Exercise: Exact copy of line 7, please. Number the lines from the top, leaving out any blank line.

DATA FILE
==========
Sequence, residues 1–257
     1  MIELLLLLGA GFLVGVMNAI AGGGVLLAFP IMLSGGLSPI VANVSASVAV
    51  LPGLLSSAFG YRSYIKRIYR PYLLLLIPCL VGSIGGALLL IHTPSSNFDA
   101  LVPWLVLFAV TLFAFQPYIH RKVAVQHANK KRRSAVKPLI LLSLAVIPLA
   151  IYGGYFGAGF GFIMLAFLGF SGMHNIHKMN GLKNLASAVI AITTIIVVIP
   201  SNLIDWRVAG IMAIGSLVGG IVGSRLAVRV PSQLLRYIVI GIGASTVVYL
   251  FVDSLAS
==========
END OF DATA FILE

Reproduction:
   251  FVDSLAS